By way of context, consider the following. According to an analysis carried out for the Nuclear Energy Institute, a nuclear reactor could withstand the impact of a fully-laden Boeing 747. Now imagine a 747 did crash into a nuclear reactor and that, as per the NEI simulation, the former was blown to pieces and the latter maintained its structural integrity. Reactors and aeroplanes both satisfy the most demanding manufacturing and safety criteria. How many people would call for the outlawing of planes and how many would demand the immediate shutdown of every reactor on the face of the Earth? Again, it is all about perception.
Equally, our understanding of radiation is far from complete. We know the consequences of high levels of exposure but have a far lesser grasp of what happens at the other end of the scale. There is radioactivity all around us – in walls, in concrete, even in bananas – and our bodies have adapted accordingly. Some experts even say we may need radiation to stimulate our immune systems. We are not yet in a position to determine unequivocal rights and wrongs.
Of course, beyond these fundamental concerns – and the important issues of waste disposal and proliferation – lies the ultimate question of whether nuclear power will have a meaningful and lasting role in the UK’s energy policy. We are geared towards reducing greenhouse gas emissions, which will entail a drastic change in how we generate power, but what part will nuclear play in our efforts? The likelihood is that if we pin ourselves to emission targets we will face a phenomenal challenge to achieve them using only renewables. Wind power suffers from variability problems and space constraints. The cost of offshore wind power appears to have been significantly underestimated. Solar power is challenging in a UK context. Wave power has potential but has yet to be properly demonstrated. So what do we do?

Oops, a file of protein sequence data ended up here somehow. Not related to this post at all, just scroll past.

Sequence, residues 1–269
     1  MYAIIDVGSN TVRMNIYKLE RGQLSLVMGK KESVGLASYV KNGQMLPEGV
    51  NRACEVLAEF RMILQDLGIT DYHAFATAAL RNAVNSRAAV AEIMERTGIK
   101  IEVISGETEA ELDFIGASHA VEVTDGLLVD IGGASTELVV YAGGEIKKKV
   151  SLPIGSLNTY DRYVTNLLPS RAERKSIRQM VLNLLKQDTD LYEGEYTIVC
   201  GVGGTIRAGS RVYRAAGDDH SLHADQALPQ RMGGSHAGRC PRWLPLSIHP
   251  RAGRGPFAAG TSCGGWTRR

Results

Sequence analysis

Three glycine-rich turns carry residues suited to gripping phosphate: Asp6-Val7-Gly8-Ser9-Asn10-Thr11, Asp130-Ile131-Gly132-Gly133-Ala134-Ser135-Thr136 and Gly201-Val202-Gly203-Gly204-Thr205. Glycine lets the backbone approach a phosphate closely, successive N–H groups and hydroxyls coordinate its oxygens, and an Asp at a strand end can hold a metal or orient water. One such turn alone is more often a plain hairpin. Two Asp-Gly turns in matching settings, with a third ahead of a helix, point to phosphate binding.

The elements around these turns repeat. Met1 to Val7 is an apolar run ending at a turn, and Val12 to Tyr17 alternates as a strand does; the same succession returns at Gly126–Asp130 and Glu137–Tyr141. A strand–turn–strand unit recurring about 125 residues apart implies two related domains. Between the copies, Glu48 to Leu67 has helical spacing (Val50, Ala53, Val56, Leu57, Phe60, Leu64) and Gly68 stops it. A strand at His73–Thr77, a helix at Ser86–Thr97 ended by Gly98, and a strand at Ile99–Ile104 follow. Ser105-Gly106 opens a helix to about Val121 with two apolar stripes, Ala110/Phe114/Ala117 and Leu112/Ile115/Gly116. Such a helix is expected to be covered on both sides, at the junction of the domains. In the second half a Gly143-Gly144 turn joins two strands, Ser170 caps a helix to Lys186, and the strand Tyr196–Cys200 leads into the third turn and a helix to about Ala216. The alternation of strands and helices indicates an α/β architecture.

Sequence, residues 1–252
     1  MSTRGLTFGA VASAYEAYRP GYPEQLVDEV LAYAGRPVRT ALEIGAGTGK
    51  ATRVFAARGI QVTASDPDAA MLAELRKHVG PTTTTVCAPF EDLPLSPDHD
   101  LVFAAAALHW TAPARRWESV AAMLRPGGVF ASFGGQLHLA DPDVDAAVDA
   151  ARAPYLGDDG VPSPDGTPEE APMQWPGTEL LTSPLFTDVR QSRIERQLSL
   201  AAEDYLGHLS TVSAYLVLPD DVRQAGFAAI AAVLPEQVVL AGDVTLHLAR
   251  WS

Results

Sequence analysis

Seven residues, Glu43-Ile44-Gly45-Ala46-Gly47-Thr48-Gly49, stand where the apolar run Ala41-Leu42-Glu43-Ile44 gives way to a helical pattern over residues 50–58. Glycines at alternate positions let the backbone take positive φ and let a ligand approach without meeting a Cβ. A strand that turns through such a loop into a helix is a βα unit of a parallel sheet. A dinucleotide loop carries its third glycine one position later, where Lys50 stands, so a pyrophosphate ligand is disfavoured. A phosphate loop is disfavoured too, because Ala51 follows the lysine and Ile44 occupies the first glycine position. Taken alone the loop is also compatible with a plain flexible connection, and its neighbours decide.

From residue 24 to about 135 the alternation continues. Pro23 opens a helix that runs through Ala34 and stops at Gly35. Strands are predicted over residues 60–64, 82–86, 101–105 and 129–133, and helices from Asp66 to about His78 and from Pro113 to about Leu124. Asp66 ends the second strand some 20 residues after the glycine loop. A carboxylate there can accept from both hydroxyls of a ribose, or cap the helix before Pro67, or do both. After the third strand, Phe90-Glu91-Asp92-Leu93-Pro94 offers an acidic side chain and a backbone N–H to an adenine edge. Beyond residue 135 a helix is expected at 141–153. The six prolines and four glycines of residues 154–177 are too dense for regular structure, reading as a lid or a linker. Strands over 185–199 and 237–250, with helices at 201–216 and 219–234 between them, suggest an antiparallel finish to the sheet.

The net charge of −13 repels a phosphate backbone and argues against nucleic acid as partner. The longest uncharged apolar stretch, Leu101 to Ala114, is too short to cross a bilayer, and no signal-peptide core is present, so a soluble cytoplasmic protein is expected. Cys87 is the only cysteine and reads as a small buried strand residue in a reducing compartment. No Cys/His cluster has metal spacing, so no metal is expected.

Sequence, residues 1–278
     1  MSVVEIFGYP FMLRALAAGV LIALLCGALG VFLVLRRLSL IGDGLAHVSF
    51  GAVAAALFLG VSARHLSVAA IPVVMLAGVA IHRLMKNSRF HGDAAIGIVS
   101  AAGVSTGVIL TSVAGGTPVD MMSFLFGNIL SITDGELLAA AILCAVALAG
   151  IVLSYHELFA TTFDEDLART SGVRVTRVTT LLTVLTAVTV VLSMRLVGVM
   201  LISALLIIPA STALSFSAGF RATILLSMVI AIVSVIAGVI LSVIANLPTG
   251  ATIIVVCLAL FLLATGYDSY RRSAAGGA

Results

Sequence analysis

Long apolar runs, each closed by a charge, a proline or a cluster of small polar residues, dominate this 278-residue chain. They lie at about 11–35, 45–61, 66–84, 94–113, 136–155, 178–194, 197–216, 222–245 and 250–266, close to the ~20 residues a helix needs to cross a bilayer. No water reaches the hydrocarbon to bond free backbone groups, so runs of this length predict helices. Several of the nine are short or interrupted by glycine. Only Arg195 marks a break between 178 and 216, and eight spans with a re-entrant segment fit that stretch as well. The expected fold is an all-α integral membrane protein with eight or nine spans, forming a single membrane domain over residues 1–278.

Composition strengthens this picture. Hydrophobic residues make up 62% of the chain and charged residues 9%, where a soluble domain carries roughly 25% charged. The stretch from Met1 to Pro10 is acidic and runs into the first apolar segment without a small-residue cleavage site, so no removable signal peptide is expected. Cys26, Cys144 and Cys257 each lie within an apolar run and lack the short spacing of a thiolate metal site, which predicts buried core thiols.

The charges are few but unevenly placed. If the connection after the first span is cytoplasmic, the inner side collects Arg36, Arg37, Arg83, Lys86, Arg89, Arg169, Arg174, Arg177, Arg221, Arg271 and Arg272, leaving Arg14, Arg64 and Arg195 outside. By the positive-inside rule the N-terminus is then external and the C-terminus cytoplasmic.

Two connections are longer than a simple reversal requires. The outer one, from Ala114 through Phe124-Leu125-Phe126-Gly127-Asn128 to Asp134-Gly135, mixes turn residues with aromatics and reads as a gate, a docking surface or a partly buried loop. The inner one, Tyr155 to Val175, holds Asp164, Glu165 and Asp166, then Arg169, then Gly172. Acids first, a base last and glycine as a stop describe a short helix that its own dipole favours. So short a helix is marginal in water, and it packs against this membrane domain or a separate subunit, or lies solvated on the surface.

France has done a much better job of figuring out what its energy portfolio should look like and formulating a policy that will take the country through the next 50 years at minimum. Having successfully rolled out thermal pressurised water reactors (PWR), it now has prototypes of fast reactors and is mooting how best to introduce them circa 2050. France has proved itself forward-thinking and visionary. By contrast, we may find ourselves at the mercy of short-termism. We have no idea what we will be doing in five years, let alone 50.
Needless to say, the drive to de-carbonise is laudable. Morally, we owe it to the generations to come to behave responsibly, and the course favoured by China or the US might influence us in that regard. But an absence of willingness from other countries may yet see pragmatism overwhelm good intentions, as a result of which we should expect to see gas claim a larger stake in the energy mix.
The decision, whatever it may be, is not one to be taken lightly, which is why we at the very least have a duty to promote a much more inclusive and edifying public dialogue on nuclear power and, indeed, the energy sector as a whole. Whatever our extant views, we can surely agree that this much is long overdue. The time has come for all the choices to be judged in terms of their authentic merits, their legitimate pros and cons, rather than swiftly dismissed on the basis of little more than ignorance and intransigence.
Professor of Nuclear Physics, Director of the Birmingham Centre for Nuclear Education and Research.
Martin Freer is a Professor of Nuclear Physics at the University of Birmingham, where he is Director of the Birmingham Centre for Nuclear Education and Research. He is a member of the University of Birmingham’s policy commission on nuclear energy, Nuclear Power: What Does the Future Hold?, which is due to publish its recommendations later this year.